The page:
Ghost Story/Circle of Fear (1972 – 1973) represents the TV collaboration of William Castle, the great 1950s exploitation showman responsible for “Emergo” and “Percepto,” and Richard Matheson, brilliant scribe of The Incredible Shrinking Man (1957), The Omega Man (1971), The Legend of Hell House (1971) and Somewhere in Time (1980), among others.
In each episode of Ghost Story, Mr. Essex would reveal an unusual and macabre story about his various guests. This aspect – the host and his world – were dropped from the series entirely when it transitioned into Circle of Fear after fourteen hour-long episodes.
When expectant Eileen Travis (Barbara Perkins) begins hearing ghostly noises at night, she grows convinced that the new home is haunted. She soon visits a local historian, De Witt (Sam Jaffe), who tells her that her home is actually built over a two-hundred year old gallows, the very spot where a defiant, unrepentant thief, Thomasina Barrows (Allyn Ann McLerie) was hanged on March 2nd, 1779. Upon her death, she swore to one day return…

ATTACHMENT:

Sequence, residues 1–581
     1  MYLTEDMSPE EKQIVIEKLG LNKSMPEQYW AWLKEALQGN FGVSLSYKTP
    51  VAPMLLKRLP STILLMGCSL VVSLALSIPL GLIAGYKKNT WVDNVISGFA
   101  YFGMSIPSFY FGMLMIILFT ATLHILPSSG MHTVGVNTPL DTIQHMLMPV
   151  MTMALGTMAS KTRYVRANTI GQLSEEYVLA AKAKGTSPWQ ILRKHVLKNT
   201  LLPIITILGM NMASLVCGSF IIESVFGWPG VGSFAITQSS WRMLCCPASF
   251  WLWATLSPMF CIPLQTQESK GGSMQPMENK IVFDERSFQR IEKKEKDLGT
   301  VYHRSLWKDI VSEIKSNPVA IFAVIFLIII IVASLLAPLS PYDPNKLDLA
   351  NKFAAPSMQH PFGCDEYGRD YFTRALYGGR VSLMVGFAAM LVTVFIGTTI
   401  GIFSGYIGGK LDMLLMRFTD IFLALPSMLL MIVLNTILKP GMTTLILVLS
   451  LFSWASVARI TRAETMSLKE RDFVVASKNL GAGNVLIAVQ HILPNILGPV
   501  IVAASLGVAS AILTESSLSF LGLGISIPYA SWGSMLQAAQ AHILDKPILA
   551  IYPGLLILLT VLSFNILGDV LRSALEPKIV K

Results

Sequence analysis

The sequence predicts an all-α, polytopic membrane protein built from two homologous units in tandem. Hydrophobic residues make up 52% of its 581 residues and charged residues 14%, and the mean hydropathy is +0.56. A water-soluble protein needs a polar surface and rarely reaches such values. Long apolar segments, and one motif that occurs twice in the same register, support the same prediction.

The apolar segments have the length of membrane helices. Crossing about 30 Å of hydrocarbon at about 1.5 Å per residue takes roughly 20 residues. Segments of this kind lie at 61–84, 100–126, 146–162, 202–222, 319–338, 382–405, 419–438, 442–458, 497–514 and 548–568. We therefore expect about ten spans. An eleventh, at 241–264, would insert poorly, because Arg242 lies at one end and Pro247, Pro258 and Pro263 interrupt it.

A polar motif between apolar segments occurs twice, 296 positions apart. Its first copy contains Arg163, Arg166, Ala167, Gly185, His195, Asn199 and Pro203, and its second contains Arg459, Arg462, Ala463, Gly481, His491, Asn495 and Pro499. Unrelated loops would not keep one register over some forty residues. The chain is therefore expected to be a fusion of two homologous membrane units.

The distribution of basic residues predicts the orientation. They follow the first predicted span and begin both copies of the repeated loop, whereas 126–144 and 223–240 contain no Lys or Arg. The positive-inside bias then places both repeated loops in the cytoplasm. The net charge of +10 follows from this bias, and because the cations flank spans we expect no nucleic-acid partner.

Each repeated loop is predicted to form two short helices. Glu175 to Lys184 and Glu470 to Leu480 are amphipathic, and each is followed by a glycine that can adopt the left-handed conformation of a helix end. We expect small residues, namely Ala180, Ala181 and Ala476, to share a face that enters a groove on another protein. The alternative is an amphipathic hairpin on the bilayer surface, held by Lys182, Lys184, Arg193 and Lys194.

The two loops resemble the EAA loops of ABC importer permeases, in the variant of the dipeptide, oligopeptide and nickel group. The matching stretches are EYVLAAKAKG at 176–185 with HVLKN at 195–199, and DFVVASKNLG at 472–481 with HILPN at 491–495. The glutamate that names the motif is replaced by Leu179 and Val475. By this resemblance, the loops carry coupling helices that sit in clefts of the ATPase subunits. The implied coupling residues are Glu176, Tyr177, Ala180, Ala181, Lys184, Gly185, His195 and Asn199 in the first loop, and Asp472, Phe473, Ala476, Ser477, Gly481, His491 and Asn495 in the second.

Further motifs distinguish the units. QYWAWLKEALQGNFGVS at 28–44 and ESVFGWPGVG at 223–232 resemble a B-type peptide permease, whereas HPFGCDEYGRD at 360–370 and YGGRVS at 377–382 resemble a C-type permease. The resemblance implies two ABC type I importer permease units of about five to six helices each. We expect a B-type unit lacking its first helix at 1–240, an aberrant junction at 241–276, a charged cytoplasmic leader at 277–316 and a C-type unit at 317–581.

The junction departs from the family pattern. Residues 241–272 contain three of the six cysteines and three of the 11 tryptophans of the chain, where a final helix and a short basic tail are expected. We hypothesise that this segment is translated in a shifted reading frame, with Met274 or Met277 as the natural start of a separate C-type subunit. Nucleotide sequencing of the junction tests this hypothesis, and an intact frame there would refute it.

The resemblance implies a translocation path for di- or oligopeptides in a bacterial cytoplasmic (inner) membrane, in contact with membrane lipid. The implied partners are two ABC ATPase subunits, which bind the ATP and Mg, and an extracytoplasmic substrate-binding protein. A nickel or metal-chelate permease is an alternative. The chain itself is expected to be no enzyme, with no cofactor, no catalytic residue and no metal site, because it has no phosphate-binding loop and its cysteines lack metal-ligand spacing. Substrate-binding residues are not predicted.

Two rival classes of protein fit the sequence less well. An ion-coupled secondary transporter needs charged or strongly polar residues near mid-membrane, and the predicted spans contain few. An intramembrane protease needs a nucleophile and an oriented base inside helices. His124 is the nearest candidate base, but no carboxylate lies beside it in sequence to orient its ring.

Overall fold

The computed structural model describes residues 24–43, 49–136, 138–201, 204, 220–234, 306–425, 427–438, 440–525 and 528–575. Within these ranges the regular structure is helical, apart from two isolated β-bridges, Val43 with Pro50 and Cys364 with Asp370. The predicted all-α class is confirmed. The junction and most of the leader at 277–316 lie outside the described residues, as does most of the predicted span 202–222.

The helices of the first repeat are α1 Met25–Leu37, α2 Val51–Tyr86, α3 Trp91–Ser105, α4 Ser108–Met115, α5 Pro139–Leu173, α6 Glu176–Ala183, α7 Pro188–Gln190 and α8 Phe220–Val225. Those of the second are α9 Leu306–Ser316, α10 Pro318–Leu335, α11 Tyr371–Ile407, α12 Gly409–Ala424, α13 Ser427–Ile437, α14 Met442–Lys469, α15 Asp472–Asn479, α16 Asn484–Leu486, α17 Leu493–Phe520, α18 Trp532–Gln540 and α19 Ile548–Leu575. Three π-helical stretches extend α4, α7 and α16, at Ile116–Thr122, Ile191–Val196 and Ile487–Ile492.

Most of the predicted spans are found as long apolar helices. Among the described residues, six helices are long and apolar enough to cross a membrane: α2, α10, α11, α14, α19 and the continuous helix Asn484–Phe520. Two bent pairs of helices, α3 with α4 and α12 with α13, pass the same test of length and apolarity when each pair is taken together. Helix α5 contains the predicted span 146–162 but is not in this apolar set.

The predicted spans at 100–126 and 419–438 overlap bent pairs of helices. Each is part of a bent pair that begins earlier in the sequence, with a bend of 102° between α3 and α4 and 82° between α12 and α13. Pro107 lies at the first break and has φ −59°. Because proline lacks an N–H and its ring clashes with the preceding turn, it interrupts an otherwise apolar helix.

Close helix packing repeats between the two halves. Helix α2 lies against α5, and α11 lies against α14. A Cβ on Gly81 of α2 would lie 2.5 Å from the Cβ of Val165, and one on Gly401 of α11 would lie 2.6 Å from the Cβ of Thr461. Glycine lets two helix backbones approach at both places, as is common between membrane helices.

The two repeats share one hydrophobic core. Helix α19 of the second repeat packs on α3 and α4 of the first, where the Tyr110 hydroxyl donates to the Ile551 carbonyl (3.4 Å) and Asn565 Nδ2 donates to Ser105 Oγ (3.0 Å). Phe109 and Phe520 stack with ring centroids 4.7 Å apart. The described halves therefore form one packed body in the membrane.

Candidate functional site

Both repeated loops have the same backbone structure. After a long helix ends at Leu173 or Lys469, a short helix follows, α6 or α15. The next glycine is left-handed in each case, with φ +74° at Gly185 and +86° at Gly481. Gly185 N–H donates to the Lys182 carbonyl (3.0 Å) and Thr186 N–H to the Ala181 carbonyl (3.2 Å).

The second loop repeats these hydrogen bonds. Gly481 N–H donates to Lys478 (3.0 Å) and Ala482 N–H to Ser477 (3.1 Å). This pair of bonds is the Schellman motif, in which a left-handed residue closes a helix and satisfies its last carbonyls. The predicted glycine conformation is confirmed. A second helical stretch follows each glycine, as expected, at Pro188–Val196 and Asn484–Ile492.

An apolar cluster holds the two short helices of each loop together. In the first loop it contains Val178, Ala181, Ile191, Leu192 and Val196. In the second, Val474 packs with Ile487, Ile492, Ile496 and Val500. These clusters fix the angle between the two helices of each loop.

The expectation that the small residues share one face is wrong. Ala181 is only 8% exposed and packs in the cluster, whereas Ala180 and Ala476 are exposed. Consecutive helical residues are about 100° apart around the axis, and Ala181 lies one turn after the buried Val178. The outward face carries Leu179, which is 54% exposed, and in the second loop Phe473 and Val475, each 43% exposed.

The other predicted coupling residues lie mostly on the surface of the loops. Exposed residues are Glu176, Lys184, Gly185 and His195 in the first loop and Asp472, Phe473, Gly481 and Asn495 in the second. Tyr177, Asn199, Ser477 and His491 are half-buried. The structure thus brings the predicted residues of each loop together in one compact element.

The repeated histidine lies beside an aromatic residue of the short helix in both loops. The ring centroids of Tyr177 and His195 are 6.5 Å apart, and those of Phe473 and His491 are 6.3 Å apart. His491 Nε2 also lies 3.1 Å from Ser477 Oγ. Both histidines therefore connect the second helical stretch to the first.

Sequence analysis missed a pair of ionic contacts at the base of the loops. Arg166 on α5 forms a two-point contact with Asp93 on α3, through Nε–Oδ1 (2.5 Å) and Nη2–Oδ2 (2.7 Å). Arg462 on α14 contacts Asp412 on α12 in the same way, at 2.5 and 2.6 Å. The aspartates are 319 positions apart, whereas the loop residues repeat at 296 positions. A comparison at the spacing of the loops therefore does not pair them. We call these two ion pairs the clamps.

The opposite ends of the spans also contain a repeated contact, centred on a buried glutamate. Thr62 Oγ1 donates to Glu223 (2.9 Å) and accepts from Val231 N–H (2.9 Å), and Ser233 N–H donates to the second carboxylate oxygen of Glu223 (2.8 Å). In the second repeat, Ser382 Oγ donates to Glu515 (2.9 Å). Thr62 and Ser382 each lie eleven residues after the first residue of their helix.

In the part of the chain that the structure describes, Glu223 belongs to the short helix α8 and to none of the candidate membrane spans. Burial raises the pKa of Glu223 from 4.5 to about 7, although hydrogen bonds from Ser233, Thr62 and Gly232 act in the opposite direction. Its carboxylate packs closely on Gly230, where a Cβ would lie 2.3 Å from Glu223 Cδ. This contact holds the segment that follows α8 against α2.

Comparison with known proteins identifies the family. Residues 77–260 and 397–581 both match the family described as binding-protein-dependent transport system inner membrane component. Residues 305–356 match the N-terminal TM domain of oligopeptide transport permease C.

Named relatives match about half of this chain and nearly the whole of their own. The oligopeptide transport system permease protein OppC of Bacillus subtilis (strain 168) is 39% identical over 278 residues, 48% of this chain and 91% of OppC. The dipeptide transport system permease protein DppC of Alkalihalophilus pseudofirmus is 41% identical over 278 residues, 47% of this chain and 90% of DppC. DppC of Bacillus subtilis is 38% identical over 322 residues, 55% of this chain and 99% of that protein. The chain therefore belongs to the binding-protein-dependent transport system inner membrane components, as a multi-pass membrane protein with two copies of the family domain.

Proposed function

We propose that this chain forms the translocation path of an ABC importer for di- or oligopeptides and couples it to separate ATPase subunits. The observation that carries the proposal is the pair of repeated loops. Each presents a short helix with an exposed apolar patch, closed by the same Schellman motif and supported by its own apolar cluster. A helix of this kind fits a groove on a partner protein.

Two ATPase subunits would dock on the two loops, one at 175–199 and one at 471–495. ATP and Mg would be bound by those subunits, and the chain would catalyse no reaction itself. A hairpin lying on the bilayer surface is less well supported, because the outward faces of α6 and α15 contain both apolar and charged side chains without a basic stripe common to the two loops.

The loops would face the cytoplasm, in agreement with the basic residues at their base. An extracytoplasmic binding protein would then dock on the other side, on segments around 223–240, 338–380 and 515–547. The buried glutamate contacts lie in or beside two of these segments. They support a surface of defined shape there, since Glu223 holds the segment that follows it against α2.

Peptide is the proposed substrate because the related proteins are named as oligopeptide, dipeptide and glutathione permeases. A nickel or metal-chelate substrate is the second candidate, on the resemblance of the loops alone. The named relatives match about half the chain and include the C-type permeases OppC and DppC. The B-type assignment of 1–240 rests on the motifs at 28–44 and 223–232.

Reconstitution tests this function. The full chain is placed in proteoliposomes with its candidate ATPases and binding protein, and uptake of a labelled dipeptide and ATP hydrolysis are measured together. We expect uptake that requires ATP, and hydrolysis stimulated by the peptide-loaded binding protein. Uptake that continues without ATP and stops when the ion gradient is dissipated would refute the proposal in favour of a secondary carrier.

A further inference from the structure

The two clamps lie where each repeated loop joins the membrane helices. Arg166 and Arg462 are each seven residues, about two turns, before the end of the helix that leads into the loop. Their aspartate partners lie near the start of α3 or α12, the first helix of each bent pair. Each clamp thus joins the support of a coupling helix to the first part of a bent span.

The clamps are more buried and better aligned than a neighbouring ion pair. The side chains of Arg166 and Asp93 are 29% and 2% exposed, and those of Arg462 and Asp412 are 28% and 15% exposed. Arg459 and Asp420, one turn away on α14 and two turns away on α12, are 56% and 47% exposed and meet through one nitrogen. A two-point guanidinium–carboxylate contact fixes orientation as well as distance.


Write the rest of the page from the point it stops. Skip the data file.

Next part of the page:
Instead, we observe a shadowy, still figure in a long shot, at some distance from the camera. The Travis’s maid actually speaks to her, believing she is speaking with Eileen, not a ghost. It’s a creepy, creepy moment as you come to realize that the malevolent ghost is arranging to be alone in the house with Mrs. Travis and her innocent baby.
The series hopes to bridge the gap between modern reason and science, and our ancient, campfire fears of ghosts and goblins. This idea recurs several times throughout the short-lived series, and I'll be sure to bring it up again when it does.
Importantly, “The New House” sets its horror inside a modern house, one that has never been lived in before. It boasts all the modern conveniences of the 1970s, from telephones to dish washers. And yet despite such comforts, something terrifying and ancient – from an age past – infiltrates the family’s life.